- Tax status: The interest on T-bonds is taxable at the federal level, but exempt from state and local taxes. Muni bonds, by contrast, are exempt from federal taxes and, in some cases, state and local taxes as well.
- Market size & liquidity: As of 2012, municipal bonds made up about 10% of the U.S. bond market, whereas treasury bonds encompassed close to 30%. Treasury bonds are also far more liquid than munis. In fact, they’re considered among the most liquid assets available to investors.
Munis vs. Mutual Bond Funds
A mutual fund works by investing its investors’ money into a variety of investment vehicles, thus allowing them to diversify. Mutual bond funds — those that focus on bond investments, as opposed to stocks — allow participants to invest in multiple bond issues without having to worry about individual investment minimums. That’s because these funds are able to pool their participants’ resources to purchase bonds.
Since muni bonds generally come with a minimum investment requirement — something that Neighborly is working to change — many investors can easily get priced out of the bonds they’re interested in purchasing. Mutual bond funds come with minimum investment requirements too, but whereas an individual muni bond is likely to require a $5,000 minimum, you can most likely find a bond fund with a $1,000 minimum.
While some mutual bond funds focus on corporate issues, there are those whose strategies revolve around municipal bonds. And among those, there’s even a subcategory of mutual bond funds that invest primarily in muni bonds issued by specific states.
From a risk-related perspective, most would consider mutual bond funds to be less risky than individual bonds because of their diversified nature. Even if a particular investment loses value or even defaults, a well-managed mutual bond fund will have its assets spread widely enough to more easily absorb this type of loss. With an individual bond, a decline in market value will be more pronounced, and a default is bound to more greatly impact investors.
On the other hand, mutual bond fund returns can suffer when interest rates go up. When interest rates rise on a whole, individual bond prices tend to go down. But if you buy a bond with a decent interest rate and hold it till maturity, you won’t lose out on any money. Cash out a mutual fund investment at a time when interest rates are higher, and you may end up taking a hit.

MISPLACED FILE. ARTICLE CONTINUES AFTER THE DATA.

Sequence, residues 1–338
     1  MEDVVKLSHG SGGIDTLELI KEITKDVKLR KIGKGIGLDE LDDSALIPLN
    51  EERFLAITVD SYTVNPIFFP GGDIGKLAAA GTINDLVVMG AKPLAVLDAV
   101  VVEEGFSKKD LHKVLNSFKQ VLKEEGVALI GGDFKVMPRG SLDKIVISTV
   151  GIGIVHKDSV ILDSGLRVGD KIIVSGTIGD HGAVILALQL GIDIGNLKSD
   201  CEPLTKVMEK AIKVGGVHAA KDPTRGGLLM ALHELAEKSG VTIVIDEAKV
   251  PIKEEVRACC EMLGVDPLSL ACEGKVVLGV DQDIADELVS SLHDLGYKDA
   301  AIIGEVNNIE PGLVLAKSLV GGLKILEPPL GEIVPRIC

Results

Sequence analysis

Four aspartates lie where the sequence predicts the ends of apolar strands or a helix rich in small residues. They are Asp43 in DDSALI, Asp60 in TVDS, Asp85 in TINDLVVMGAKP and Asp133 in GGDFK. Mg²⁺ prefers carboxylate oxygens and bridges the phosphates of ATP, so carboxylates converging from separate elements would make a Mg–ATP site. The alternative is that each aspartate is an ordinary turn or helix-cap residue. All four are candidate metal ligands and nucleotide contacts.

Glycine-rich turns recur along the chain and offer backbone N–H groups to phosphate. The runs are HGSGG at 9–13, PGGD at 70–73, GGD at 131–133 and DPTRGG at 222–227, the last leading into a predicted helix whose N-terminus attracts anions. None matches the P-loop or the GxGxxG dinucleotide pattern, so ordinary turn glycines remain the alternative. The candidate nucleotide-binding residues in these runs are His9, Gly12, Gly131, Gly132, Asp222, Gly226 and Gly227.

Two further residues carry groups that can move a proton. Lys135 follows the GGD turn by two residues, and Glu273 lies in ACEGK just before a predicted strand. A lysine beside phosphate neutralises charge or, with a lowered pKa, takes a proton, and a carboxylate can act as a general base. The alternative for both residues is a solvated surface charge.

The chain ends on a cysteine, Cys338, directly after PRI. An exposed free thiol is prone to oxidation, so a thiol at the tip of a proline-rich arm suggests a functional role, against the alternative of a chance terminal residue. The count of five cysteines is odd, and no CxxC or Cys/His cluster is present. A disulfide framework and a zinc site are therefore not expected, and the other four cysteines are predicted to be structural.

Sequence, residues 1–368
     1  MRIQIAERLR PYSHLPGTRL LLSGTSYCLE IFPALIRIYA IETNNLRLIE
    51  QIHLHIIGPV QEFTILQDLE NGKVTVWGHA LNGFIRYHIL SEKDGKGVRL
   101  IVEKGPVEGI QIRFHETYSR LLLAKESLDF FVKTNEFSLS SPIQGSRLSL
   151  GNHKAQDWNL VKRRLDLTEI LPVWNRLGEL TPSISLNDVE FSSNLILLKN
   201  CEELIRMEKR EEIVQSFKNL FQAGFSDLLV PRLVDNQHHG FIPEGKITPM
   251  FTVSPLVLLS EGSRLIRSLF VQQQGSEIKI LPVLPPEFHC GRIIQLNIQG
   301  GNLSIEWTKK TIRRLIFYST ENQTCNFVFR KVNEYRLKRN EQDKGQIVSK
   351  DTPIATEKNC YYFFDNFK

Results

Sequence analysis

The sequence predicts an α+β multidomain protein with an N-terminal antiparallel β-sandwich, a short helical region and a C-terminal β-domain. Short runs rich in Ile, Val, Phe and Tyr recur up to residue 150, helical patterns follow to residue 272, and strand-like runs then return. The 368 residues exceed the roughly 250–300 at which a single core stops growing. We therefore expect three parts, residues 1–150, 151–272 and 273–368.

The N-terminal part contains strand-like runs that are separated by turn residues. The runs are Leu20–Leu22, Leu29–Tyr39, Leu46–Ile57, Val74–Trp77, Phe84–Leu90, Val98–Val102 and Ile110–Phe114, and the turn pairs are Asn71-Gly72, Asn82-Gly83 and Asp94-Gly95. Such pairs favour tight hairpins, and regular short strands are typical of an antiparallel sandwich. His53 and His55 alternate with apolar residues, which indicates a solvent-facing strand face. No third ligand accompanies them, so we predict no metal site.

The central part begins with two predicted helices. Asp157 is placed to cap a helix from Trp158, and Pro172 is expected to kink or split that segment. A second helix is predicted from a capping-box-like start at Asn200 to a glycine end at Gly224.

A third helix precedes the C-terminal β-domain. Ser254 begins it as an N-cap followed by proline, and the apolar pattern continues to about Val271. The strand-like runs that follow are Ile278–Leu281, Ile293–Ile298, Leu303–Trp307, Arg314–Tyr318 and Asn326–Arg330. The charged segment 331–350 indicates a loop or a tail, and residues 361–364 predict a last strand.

Though mutual bond funds offer the advantage of diversified holdings and built-in portfolio management, they also tend to come with hefty fees. Those fees, in turn, can eat into your profit, whereas if you’re able to buy a muni bond directly, your profit is yours to keep. Also, for those who prefer a hands-on approach to investing, ceding control to mutual fund managers may not be so appealing. When you purchase individual muni bonds, you get a chance to evaluate their credit risk and decide whether they’re right for you. Just as importantly, you get an opportunity to invest in projects or communities that are important to you.
As far as performance goes, mutual bond funds that focus on munis may offer returns that are similar to those generated by individual issues, only with less perceived risk. Recently, the five-year average return for intermediate-term municipal bond funds has been reported as 4.42%, and some state-specific funds have averaged upward of 4% over the past 10 years. These numbers are comparable to the average return on individual munis, but holders of individual muni bonds can avoid the annual management fees associated with mutual funds.
Evaluating Your Choices
Compared to other bond investments, munis offer a moderate amount of both risk and reward. While they aren’t as secure as treasury bonds, they’re less volatile than corporate bonds, and though they’re comparable to certain mutual bond funds, they may cost less to purchase individually. In our upcoming sections, we’ll review some specific aspects of bond investing you’ll want to consider, such as muni bond finances, taxes, credit ratings, and those rare-but-possible defaults.